The Sequential Evaluation Process for Determining Disability

Sometimes, debilitating medical conditions can be so severe that you won’t be able to perform any work. If this is the case with you, you might be entitled to Social Security disability benefits. But in order to qualify, the Social Security Administration must make a determination of disability, based on facts such as your age, education level, recent employment, and ability to work.

Applying for Social Security benefits can sometimes feel like wandering through a maze: there are many forms to fill out, documents to gather, appearances to make, and, possibly, appeals to be made. The assistance of an experienced and dedicated Spartanburg disability lawyer will greatly increase your chances of succeeding in your application for Social Security.

First, let’s examine the process that the Social Security Administration uses to determine whether or not you are “disabled” for Social Security disability purposes: a five-step test known as the “sequential evaluation process.” It asks:

First: Are you currently unable to work, or are you only able to do work that is not “substantial gainful activity”?

According to Social Security regulations, you must either: (a) not be able to do any work, or (b) if you are working, not be able to do any work that constitutes “substantial gainful activity.” This means that to qualify as disabled, you must not be able to do “ordinary or simple tasks satisfactorily without more supervision or assistance than is usually given other people doing similar work,” and you’re only doing minimal duties. If you can answer “yes” to this question, you can move on to Step 2.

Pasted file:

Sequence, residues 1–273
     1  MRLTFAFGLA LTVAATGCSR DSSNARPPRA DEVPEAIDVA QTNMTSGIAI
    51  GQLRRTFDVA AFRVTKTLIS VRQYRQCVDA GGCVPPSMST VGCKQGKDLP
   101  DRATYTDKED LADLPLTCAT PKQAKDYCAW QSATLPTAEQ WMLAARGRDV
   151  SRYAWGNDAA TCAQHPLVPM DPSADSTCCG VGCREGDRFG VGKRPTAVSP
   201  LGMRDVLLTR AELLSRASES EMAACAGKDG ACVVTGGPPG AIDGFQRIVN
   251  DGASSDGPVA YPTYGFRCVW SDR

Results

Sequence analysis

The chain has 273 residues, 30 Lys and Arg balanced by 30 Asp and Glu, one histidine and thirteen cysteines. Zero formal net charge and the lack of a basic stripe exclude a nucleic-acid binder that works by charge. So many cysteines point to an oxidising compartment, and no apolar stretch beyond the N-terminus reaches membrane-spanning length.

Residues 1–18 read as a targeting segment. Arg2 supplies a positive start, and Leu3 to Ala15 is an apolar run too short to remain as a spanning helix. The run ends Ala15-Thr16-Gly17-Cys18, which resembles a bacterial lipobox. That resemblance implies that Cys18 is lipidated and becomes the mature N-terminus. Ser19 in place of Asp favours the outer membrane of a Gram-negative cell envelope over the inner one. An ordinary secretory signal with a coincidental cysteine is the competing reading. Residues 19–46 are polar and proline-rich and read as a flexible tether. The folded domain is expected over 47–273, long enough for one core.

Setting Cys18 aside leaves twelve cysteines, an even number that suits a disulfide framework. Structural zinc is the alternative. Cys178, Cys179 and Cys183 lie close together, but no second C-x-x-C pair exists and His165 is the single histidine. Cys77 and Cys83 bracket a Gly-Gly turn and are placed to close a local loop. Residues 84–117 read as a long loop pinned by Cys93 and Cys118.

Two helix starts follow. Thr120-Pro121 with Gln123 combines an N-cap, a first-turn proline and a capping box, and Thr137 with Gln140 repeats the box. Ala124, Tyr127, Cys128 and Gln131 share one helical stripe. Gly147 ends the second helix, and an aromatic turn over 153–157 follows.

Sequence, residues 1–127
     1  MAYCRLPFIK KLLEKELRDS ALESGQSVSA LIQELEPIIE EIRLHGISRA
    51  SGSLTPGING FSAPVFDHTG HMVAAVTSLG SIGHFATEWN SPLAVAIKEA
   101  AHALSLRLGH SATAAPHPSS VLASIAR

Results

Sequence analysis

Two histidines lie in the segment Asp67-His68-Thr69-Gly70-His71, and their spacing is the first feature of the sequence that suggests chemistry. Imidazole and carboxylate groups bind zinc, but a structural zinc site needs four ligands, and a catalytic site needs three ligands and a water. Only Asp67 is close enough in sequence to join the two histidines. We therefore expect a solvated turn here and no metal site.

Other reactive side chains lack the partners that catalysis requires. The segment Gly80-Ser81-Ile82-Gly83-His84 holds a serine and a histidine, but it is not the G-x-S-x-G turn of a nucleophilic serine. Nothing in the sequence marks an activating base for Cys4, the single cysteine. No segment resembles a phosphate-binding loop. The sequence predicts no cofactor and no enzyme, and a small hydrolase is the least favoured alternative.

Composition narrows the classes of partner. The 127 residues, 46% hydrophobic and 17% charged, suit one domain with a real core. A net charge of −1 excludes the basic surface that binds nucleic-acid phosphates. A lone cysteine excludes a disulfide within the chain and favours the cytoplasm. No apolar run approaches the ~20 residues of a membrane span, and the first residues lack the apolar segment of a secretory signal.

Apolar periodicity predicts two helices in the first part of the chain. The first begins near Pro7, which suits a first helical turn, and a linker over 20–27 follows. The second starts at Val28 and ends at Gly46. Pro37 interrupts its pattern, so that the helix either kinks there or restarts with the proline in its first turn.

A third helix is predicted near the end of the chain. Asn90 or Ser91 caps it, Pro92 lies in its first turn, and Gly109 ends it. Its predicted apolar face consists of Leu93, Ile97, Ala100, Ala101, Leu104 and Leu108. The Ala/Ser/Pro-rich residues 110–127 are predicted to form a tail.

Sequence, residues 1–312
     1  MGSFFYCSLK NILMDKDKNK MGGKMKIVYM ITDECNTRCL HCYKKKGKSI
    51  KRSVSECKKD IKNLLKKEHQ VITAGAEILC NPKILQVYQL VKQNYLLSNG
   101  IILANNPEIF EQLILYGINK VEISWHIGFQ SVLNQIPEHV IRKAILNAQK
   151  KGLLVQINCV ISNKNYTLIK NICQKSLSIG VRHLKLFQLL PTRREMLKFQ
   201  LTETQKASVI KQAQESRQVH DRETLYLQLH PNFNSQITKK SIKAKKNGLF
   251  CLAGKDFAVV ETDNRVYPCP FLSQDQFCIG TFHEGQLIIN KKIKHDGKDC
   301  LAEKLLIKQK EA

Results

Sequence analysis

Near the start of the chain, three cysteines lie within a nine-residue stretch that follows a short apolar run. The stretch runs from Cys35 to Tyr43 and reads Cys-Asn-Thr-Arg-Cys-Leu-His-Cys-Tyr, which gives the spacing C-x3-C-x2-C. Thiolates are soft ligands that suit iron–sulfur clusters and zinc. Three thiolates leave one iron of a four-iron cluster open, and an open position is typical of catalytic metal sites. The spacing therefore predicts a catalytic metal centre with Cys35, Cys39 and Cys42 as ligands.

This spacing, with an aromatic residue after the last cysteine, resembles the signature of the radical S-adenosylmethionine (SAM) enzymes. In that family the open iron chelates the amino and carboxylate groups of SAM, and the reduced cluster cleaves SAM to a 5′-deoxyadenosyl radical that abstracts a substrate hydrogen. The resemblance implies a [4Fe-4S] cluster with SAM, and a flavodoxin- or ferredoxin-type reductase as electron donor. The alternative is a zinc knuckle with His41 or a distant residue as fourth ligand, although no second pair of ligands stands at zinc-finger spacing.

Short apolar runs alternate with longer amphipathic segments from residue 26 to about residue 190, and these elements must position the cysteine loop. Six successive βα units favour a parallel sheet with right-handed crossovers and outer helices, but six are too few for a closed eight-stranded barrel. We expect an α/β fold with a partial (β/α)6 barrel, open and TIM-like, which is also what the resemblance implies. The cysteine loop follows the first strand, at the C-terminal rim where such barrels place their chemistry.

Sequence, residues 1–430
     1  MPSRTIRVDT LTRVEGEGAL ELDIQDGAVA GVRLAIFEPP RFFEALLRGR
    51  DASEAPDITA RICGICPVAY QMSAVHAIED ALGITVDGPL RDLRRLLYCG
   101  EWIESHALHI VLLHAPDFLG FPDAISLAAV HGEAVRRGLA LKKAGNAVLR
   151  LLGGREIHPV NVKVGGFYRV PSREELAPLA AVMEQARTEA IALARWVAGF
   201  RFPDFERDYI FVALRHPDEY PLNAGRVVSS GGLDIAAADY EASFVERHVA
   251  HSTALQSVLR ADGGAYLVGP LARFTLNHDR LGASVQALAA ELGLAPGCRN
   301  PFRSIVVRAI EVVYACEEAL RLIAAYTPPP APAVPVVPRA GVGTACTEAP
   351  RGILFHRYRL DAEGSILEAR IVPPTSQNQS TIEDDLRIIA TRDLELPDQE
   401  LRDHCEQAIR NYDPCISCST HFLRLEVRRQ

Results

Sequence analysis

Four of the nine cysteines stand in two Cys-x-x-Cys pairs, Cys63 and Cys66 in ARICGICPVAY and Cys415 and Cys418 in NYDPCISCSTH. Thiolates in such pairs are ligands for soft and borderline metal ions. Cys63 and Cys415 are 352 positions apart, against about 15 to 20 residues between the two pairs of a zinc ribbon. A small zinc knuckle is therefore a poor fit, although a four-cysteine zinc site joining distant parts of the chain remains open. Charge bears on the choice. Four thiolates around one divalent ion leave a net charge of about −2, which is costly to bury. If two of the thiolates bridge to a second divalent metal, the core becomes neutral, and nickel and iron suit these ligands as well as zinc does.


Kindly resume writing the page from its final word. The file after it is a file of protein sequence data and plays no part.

Second: Do you have a “severe” impairment?

Your impairment must be “severe” enough so as to prevent you from performing basic work activities, including understanding, remembering, and following simple directions; walking, sitting, standing, lifting, reaching, or handling; and using your judgment. The impairment must also have lasted or be expected to last for at least 12 continuous months or result in death. If you’re determined to have a severe impairment, then you can proceed to Step 3.

Third: Does this impairment meet or equal a Listed Impairment?

The Social Security Administration has a Listing of Impairments that enumerates specific medical and physical impairments, as well as the medical standard for disability under each of the impairments. If your condition “meets” or “equals” one of the listed impairments, then you will automatically be found to be “disabled.” If you do not meet or equal a Listing, you can still be deemed disabled if you satisfy the criteria under both Steps 4 and 5.

Fourth: Do you still have the ability to do “past relevant work”?

You must prove that you’re currently unable to do any of the work on the “substantial gainful activity” level that you did in the past 15 years. The Social Security Administration will look at your “residual functional capacity” (which is your remaining capacity to do work) to determine if you’re able to do any past relevant work. If you satisfy this requirement, then move to Step 5 to see if you qualify for disability benefits.

Fifth: Can you do other work that exists in significant numbers in the economy?

Here, the Social Security Administration will look at your age, education, residual functional capacity, and work experience to see if you’re able to perform other work that exists in significant numbers in the national economy. If, taking these factors into account, the Social Security Administration determines that you are unable to perform these generally available jobs, then it will find you disabled.

Contact an Experienced Spartanburg Lawyer for Help

Filing for Social Security disability benefits can be a long and confusing process. If you’ve been denied benefits in initial determination or reconsideration appeal, you may be tempted to just give up. Don’t panic, however; with the help of an experienced Spartanburg disability lawyer, your chances of winning benefits at a hearing before the administrative law judge will increase exponentially. Get the help you need and contact dedicated Spartanburg disability lawyer Grace Knie today by filling out the form or calling the toll-free phone number on this page.

Grace Gilchrist Knie
Spartanburg disability lawyer

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